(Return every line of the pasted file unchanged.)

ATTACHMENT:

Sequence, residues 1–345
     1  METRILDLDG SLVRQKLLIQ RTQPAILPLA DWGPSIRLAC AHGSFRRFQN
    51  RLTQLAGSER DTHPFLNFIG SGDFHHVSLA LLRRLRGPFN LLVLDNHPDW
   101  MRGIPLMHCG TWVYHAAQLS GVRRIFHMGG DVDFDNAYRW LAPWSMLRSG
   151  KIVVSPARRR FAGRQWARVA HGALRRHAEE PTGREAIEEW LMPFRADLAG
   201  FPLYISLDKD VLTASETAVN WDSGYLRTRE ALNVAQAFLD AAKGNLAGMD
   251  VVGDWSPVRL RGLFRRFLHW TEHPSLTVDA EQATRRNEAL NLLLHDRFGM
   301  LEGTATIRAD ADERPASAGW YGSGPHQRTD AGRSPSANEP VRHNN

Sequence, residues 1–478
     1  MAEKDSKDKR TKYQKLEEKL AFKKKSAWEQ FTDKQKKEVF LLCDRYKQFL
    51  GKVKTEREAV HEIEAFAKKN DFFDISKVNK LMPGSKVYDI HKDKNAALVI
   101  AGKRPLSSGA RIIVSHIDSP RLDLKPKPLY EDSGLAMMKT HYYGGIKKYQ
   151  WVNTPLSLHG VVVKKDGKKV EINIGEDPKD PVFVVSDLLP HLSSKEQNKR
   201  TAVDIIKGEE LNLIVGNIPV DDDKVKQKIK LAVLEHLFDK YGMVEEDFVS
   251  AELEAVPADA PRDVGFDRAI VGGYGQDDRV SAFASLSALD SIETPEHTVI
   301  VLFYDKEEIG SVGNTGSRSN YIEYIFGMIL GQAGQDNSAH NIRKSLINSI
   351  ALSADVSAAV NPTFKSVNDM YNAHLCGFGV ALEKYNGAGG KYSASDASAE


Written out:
Sequence, residues 1–345
     1  METRILDLDG SLVRQKLLIQ RTQPAILPLA DWGPSIRLAC AHGSFRRFQN
    51  RLTQLAGSER DTHPFLNFIG SGDFHHVSLA LLRRLRGPFN LLVLDNHPDW
   101  MRGIPLMHCG TWVYHAAQLS GVRRIFHMGG DVDFDNAYRW LAPWSMLRSG
   151  KIVVSPARRR FAGRQWARVA HGALRRHAEE PTGREAIEEW LMPFRADLAG
   201  FPLYISLDKD VLTASETAVN WDSGYLRTRE ALNVAQAFLD AAKGNLAGMD
   251  VVGDWSPVRL RGLFRRFLHW TEHPSLTVDA EQATRRNEAL NLLLHDRFGM
   301  LEGTATIRAD ADERPASAGW YGSGPHQRTD AGRSPSANEP VRHNN

Sequence, residues 1–478
     1  MAEKDSKDKR TKYQKLEEKL AFKKKSAWEQ FTDKQKKEVF LLCDRYKQFL
    51  GKVKTEREAV HEIEAFAKKN DFFDISKVNK LMPGSKVYDI HKDKNAALVI
   101  AGKRPLSSGA RIIVSHIDSP RLDLKPKPLY EDSGLAMMKT HYYGGIKKYQ
   151  WVNTPLSLHG VVVKKDGKKV EINIGEDPKD PVFVVSDLLP HLSSKEQNKR
   201  TAVDIIKGEE LNLIVGNIPV DDDKVKQKIK LAVLEHLFDK YGMVEEDFVS
   251  AELEAVPADA PRDVGFDRAI VGGYGQDDRV SAFASLSALD SIETPEHTVI
   301  VLFYDKEEIG SVGNTGSRSN YIEYIFGMIL GQAGQDNSAH NIRKSLINSI
   351  ALSADVSAAV NPTFKSVNDM YNAHLCGFGV ALEKYNGAGG KYSASDASAE